Remember that picture I posted last week of all the flooding near my house. Well, here’s a new one. From this week:
I can tell you one thing: the farmers I work with are ready for the rain to stop. But, at least we still have our sense of humor:
But enough with water. Let’s move on to this week’s Weekly Round Up!
- In the interest of full disclosure, I’m a judger. No, not a judgey person — at least I hope not — a judger. As in dairy and horse judger. I spent much of my youth at a horse or dairy judging contest, placing rings of four animals and then prepping for reasons. And those judging days, filled with reasons and rings of animals, helped me develop my public speaking, confidence and decision-making skills. Oh, and everything else on this list, too. I mean, the pacing. Oh, the pacing. SO. TRUE.
- This, because truer words were never spoken.
- This post, from Fitness Reloaded, about the safety of conventionally-produced food vs. organic food. Did you know that organic doesn’t necessarily mean safer?
- And speaking of chemicals, did you know this?
- This post, from Raised Right in a Barn, which just couldn’t be more true. Those blue ribbons were great, but I learned more, especially initially, from the red, yellow and green ones. And for you parents out there, regardless of whether your kids grow up on a farm or not, this is still true. It’s okay to let them lose from time to time. It builds character. And determination.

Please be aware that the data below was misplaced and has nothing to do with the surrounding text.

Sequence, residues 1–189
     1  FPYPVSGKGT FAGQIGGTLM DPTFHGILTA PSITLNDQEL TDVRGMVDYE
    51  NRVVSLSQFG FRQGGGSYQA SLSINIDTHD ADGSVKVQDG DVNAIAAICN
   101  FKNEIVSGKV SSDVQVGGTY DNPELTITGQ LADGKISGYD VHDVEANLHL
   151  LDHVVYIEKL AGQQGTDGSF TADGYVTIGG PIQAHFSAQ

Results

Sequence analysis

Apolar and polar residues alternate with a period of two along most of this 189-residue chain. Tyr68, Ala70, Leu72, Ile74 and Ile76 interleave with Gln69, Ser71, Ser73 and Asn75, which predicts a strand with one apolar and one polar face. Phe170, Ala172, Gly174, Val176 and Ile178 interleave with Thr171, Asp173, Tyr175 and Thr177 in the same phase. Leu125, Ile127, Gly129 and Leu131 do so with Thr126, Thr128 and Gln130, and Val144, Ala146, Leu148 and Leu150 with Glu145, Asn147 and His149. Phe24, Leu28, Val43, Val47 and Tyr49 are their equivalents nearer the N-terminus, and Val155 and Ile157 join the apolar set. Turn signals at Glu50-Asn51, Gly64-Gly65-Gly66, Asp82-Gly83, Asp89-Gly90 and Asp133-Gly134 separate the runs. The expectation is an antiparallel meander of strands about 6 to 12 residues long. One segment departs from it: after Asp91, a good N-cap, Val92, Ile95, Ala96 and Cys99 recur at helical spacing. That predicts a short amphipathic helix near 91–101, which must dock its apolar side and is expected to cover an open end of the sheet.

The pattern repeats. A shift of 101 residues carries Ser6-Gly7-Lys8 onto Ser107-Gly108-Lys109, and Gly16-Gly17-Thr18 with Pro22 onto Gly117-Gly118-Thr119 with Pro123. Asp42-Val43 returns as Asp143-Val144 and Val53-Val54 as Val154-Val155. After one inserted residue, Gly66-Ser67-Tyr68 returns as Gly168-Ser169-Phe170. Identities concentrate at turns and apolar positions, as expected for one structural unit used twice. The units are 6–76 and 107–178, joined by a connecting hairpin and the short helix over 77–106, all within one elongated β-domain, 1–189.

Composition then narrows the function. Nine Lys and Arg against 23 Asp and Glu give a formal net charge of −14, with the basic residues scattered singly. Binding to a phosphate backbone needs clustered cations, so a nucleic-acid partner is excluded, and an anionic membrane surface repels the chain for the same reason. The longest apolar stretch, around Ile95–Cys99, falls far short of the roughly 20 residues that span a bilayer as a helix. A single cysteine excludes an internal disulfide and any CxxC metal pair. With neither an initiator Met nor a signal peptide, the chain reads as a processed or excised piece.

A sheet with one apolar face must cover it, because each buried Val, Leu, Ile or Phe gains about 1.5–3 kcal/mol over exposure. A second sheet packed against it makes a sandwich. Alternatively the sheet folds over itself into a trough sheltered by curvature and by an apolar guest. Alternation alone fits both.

- This one, because it’s pretty awesome. And true.
- And finally, this from Southeast Ag Net, by way of the University of Florida. For those of you not familiar with beef cattle, Angus are arguably the most popular breed. They’re easy to keep, easy to breed, and easy to sell. Up until recently, you could only get Angus in one of two colors: red, or the more popular, black (ever seen the ‘Certified Black Angus’ label on those steaks you buy?) However, through selective breeding over the last 20 years, researchers at the University of Florida have developed a black hide, white hair Angus that they feel will bring new depth to the beef industry. Check it out for more information on why they think so.